Three Majors have been played so far in 2021, but for many the best has been saved till last. The 149th Open Championship is like no other Major; the world’s best play, with sea breezes, heavy rough and potentially bad weather replacing the benign conditions we so often see.

Royal St George’s hosts the tournament for the first time since 2011 and, for many, it’s regarded as one of the tougher tests on the Open roster, with penal rough, reportedly uncut for two years, guarding several holes for errant shots.

So, sit back, enjoy the show, and take a read of our preview.

JT primed for a bold showing

It’s become commonplace in golf that the top of the market is very congested with four or five of the world’s best usually very tightly matched in the betting. However, it’s a very different story for the Open this year, with US Open champion Jon Rahm head and shoulders above the rest at 8/1.

And the case for the Spaniard is a pretty strong one. He was superb when winning at Torrey Pines and prior to that he was forced to withdraw from the Memorial Tournament, where he looked destined to take the title. It looked very likely he’d go back-to-back at last week’s Scottish Open after two rounds, but the putter started misbehaving and he ended up finishing sixth – two shots behind the leaders.

He’s conquered both Portstewart and Lahinch, so is more than capable of playing well on the Links, but in a market as deep as this one, he has to be taken on.

The man to do that with could well be Justin Thomas, who like Rahm, comes into this off a solid showing at the Scottish Open.

Since his win at the Players Championship, the putter has been Thomas’ real hinderance with the American continually failing to capitalise on the myriad of opportunities he gives himself. However, there were plenty of signs at the Renaissance Club that he was, at least, starting to find his mojo again. He ranked 59th for Strokes Gained: Putting – a significant improvement on what he’d shown on the PGA Tour in the tournaments prior.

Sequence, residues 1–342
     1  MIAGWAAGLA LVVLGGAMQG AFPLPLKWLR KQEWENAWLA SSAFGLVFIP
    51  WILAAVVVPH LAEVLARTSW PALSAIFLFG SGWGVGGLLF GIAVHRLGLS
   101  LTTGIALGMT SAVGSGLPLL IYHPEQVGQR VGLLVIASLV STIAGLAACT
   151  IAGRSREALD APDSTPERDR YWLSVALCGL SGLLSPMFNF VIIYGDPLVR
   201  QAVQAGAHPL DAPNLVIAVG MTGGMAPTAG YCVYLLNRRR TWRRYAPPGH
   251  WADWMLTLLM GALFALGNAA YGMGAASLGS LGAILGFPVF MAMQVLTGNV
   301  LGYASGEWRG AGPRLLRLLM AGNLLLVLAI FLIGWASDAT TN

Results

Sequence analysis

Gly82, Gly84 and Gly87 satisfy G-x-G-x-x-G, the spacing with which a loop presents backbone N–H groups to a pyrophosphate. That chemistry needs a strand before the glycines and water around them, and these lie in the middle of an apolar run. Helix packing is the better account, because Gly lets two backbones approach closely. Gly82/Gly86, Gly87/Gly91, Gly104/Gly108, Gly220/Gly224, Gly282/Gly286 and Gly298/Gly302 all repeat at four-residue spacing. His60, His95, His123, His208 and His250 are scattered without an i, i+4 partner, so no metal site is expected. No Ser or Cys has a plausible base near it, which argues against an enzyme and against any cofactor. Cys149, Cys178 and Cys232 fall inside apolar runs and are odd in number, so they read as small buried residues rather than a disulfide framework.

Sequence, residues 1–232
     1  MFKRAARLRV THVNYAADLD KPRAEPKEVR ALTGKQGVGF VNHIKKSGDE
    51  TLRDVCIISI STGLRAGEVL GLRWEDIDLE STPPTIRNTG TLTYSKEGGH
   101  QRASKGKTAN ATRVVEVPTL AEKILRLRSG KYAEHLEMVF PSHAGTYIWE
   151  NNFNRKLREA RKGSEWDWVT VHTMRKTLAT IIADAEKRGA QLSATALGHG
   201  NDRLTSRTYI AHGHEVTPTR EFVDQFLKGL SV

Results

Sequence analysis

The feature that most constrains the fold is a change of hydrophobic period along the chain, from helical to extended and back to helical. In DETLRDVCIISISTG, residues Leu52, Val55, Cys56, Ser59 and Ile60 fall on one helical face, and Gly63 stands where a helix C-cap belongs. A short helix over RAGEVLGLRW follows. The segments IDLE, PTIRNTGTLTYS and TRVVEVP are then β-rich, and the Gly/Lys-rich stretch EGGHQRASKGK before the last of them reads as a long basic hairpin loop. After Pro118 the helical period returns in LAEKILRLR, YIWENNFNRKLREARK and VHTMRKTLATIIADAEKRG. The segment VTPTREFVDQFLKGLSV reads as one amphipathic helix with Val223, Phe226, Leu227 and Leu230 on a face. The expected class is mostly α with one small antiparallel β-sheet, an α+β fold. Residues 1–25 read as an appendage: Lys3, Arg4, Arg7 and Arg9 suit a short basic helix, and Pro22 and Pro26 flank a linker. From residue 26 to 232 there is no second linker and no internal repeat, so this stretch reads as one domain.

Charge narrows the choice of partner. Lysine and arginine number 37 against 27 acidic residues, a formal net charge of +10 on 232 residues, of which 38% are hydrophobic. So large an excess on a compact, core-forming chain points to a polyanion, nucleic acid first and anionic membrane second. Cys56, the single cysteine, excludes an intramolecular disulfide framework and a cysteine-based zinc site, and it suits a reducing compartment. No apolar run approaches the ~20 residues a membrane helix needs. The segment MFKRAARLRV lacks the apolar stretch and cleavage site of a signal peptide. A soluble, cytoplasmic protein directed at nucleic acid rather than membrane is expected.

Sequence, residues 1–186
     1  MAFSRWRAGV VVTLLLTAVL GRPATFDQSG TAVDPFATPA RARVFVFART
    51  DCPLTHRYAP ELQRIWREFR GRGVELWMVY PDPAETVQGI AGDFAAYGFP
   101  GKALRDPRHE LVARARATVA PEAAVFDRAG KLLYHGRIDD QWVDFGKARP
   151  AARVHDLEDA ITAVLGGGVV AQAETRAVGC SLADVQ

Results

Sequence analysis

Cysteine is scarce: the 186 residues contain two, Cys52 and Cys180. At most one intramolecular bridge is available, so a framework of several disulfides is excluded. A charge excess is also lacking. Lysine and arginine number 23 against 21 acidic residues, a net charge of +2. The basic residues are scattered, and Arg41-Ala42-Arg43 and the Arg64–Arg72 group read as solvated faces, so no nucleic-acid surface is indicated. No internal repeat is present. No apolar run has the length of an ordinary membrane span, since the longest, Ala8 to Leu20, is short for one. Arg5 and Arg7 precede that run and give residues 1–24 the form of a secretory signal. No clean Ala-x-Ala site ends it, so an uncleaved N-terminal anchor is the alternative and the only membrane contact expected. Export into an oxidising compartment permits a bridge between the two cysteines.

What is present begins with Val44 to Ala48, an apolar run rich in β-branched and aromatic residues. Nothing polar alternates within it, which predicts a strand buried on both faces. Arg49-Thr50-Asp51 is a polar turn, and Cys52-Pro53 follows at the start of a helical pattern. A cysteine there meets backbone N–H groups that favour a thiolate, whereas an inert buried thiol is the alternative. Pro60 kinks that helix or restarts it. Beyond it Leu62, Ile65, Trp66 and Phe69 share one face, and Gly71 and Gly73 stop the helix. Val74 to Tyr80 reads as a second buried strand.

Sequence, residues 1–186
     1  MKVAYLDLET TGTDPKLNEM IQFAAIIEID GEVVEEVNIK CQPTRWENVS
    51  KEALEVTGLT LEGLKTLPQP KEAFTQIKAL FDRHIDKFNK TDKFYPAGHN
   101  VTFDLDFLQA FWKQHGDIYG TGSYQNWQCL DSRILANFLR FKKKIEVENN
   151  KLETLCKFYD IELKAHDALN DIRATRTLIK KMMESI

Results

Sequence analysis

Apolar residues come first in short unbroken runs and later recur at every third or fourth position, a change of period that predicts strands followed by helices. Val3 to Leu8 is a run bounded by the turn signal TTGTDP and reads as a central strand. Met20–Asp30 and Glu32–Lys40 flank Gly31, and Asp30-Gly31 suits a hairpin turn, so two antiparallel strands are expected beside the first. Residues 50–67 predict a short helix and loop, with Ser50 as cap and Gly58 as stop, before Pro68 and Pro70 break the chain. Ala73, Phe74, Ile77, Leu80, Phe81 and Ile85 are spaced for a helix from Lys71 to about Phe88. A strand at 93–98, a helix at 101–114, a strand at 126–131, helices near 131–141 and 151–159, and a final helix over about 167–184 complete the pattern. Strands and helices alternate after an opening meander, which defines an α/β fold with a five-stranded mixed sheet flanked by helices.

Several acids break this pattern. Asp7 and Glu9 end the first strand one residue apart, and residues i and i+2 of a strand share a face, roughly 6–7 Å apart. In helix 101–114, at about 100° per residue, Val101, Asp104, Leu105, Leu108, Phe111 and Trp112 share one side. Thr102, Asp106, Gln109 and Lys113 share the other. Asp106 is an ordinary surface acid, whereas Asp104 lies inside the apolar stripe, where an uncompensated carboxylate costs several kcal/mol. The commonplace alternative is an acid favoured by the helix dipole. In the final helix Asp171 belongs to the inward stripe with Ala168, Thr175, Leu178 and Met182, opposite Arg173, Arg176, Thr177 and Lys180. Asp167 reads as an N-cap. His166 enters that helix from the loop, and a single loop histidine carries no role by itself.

Interestingly, he ranked 100th for Strokes Gained: Approach, which was perhaps the key reason why he didn’t finish closer to the lead, but he ranked third in Strokes Gained: Tee To Green, so it’s not like his game isn’t trending in the right direction.

As mentioned, the rough at Royal St George’s is going to be some of the thickest we’ve seen in a long time at the Open, so the fact that Thomas ranked first in Strokes Gained Of The Tee and 11th in driving accuracy bodes very well on that score.

His tie for eighth last week was further evidence of his growing ability to play Links courses and he looked a big player at Portrush in 2019 before he fell away on Sunday. He looks primed for a bold showing again, especially if the putter gets hot, at 18/1.

Finally time for Louis?

The other player who looks of interest is Louis Oosthuizen at 35/1.

The South African, to the frustration of many, often flatters to deceive when in contention, but that’s perhaps a tad harsh given his performances in Majors this year. He ran into an inspired Phil Mickelson at the PGA Championship and then didn’t do an awful lot wrong when again runner-up at the US Open behind Rahm.

For a player as naturally gifted as Louis to not have won since 2018 is pretty remarkable, but he’ll take great heart from the fact he keeps knocking on the door in these big events. He of course won this title in 2010 and was second in 2015, so is well-versed to the intricacies of Links golf.

He hasn’t missed a cut in 2021 and having taken a few weeks off for this, he should be fresh and ready to go.

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